My poem "What They Took With Them - a List" was made into a film by global refugee charity UNHCR and Facebook, to promote awareness of the global refugee crisis, and draw attention to a petition that was delivered to the UN headquarters in New York ahead of the UN General Assembly high-level summit to address large movements of refugees and migrants in September 2016.
The petition is here: http://www.unhcr.org/refugeeday/what-they-took-with-them/
Please sign and share as much as you can - the petition is still ongoing.
Using the poem for educational purposes
Many thanks to all who have been in touch with regard to engaging their students with "What They Took With Them - a List". The poem is currently only available through its connection with the film and this UNHCR campaign; the text is not available separately anywhere. Once the petition has been delivered, we'll be looking into an education pack that can be sent out: more info here when available.
September 2016 - in partnership with the Soho Theatre, and Devoted & Disgruntled: The Larder @ The Soho hosted an open space conference for industry professionals around the question: What are better ways for us to develop new musical theatre writing? A link to the event report will be posted here, and can be sent to you by email if you're on the mailing list. If you support, develop or produce new musicals in the UK and would like to come to future events like this, please get in touch. This event was supported using public funding by the National Lottery through Arts Council England.
Most recently as lyricist and wordsmith, I wrote several songs and a piece of spoken word poetry for Moving Stories, an event at the National Theatre in the Lyttelton, in aid of the United Nations' refugee charity UNHCR. The show featured a glorious cast including Juliet Stevenson, James Bolam, Adjoa Andoh and many others, and some great new writing by playwrights such as David Edgar and Richard Bean.
Producer Emma Manton, performer Niall Ashdown and I then joined the Good Chance Encampment on the Southbank to run a Moving Stories workshop around my spoken word poem from the National event: What They Took With Them.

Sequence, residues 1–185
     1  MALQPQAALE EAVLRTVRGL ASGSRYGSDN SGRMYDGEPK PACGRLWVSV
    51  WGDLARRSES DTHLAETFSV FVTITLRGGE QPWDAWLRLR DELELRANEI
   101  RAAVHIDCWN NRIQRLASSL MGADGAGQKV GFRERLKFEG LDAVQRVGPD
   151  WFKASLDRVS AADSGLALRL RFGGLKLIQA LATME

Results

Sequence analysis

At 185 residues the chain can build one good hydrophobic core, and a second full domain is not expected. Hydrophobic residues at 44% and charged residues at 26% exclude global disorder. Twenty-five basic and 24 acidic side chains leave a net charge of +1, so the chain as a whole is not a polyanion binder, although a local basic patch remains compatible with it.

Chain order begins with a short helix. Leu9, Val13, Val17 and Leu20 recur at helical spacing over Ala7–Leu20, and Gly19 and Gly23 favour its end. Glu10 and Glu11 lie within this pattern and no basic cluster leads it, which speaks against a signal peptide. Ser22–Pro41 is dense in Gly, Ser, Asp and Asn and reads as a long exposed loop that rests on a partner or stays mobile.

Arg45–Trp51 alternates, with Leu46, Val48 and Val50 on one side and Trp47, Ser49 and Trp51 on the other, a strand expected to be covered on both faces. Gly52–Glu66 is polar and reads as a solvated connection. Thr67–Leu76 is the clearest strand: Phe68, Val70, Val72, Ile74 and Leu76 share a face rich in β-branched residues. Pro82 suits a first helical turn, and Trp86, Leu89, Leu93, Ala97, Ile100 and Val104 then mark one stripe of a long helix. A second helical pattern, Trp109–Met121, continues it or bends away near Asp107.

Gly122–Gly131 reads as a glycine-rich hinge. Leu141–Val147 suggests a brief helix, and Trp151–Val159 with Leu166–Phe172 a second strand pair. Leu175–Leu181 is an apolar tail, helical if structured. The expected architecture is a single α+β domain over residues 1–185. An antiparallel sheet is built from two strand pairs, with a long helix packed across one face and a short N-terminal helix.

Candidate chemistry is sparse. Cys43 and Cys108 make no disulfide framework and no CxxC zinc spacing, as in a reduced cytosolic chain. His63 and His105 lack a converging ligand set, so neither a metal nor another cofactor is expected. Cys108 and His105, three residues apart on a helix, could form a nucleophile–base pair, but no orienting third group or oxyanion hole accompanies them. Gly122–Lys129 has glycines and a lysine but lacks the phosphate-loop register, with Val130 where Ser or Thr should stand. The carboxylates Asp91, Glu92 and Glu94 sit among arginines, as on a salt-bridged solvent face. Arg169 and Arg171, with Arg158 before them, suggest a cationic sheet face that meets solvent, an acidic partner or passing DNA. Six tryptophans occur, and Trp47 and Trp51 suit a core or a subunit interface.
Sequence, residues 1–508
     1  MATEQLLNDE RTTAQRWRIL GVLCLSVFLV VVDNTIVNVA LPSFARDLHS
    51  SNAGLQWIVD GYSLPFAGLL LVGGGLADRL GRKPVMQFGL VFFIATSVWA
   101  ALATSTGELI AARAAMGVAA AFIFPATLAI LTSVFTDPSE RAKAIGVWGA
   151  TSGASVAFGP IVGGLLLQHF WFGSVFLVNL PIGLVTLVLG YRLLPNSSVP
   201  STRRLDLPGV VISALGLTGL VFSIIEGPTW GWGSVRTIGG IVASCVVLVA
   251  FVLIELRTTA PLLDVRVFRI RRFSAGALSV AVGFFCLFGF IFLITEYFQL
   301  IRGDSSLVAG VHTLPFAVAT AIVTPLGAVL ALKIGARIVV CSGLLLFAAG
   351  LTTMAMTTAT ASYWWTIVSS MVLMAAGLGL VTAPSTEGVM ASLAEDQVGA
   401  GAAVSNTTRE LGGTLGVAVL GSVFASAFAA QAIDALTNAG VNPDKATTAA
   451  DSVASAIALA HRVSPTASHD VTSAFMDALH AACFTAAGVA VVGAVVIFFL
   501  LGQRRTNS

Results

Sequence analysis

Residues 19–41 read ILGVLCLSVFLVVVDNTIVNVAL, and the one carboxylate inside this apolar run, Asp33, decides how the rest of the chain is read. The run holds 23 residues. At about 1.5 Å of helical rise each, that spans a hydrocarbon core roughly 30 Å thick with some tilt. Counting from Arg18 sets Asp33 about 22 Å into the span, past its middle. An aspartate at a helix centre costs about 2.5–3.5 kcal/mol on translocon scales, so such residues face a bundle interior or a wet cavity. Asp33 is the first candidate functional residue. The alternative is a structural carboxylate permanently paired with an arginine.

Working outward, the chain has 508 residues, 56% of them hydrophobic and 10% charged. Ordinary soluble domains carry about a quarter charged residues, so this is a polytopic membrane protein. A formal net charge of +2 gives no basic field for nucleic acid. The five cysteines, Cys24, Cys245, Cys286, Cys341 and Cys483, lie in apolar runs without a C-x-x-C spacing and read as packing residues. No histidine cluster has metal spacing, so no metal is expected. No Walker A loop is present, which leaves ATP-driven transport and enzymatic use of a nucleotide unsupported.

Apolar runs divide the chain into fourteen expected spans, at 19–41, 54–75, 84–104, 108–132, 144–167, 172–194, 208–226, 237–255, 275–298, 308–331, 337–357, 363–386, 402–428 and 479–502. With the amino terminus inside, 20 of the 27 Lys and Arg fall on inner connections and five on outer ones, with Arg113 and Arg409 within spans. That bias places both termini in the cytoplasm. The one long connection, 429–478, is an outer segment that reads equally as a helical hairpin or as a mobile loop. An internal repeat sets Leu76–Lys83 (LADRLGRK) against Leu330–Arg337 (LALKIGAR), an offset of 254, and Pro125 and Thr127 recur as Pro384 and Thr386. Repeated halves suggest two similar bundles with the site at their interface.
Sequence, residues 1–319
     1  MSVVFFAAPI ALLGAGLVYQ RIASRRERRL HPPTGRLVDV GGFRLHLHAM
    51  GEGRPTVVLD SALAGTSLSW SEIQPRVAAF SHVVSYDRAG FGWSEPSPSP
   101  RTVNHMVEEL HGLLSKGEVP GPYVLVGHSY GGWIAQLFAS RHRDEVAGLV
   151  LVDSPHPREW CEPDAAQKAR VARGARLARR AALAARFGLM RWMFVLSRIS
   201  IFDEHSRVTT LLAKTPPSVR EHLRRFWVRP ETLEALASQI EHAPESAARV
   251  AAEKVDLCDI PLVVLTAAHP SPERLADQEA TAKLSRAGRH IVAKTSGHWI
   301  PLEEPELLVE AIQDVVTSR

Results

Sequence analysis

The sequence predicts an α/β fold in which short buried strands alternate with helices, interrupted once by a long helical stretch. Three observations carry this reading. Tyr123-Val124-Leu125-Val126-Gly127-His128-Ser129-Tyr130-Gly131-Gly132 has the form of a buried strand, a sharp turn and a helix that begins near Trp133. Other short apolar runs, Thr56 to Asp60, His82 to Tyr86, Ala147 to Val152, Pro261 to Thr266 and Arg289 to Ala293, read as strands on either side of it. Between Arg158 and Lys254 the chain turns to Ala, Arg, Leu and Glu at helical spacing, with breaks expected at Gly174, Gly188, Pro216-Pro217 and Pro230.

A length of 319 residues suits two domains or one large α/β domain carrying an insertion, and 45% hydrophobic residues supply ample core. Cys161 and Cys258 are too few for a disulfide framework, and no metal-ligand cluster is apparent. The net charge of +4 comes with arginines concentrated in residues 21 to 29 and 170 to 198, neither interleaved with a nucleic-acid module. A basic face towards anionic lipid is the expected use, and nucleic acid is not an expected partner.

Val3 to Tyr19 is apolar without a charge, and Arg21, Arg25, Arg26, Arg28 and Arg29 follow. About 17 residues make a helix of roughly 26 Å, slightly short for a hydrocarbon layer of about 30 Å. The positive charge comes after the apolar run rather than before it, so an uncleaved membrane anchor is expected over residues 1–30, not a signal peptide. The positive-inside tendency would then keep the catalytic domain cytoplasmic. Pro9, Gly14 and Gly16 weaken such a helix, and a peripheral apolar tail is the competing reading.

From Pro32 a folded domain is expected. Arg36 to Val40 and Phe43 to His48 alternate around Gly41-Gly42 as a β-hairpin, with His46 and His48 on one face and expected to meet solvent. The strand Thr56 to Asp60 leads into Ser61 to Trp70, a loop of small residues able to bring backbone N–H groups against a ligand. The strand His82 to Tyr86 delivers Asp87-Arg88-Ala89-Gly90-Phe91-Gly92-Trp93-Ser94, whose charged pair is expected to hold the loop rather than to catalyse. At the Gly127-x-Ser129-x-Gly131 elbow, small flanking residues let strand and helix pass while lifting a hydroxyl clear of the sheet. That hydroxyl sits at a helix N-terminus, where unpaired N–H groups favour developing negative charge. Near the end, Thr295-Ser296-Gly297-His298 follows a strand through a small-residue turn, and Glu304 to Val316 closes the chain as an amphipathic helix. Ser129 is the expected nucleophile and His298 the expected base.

As bookwriter, I'm currently reshaping a show Alan Menken wrote long ago with bookwriter/lyricist Steve Brown, called Atina, Evil Queen of the Galaxy with Uterus, the Danish musical theatre development organisation. Our next step is a workshop in New York towards the end of 2016.
As a facilitator for new musical writing, I produce a writing event called Tiny Shows, most recently in collaboration with Women Who Write Musicals, So & So Arts, and The MTA, supported by Arts Council England. In collaboration with American writer/composer Rob Hartmann, I co-designed and co-facilitated the M.A. in Writing Musicals at Mountview Academy of Theatre Arts in London.
As director/facilitator, my most recent collaboration was with composer/performer Niall Ashdown on the development of his show A Shropshire Lad, which was also supported by Arts Council England. The magnificent Archive is here.
As advocate, with playwright David Edgar, I'm the co-Chair of the Theatre Committee at the Writers Guild of Great Britain, and very proud of the new Guidelines for Musical Theatre that we have recently published here. Under the umbrella of The Larder, I'm working with the Writers Guild of Great Britain and the Musicians' Union to update all musical theatre guidelines, and then create and publish a booklet that signposts writers, composers, directors, independent producers and others to the right place for the best advice on developing new musical theatre in the UK.
The Copenhagen Interpretation
The name comes from a Quantum Mechanics theory that I can't begin to explain, but it's related to my view of the interaction between audience and live performance: that every encounter between any audience member and any live performance on any given day in any given place at any given time is unique. Much of my work is about acknowledging that, and facilitating encounters that are designed to embrace and enhance it.
The Copenhagen Interpretation is not a theatre company. It's just a description of the people and the processes I work with, in the name of finding the elusive system that is the cardboard box in which Schrödinger keeps his cat. Right now, I refer to it as Storyworlding (or Holodeck Theatre).
Here's my Tumblr, which is where I capture discoveries, thoughts and questions about it.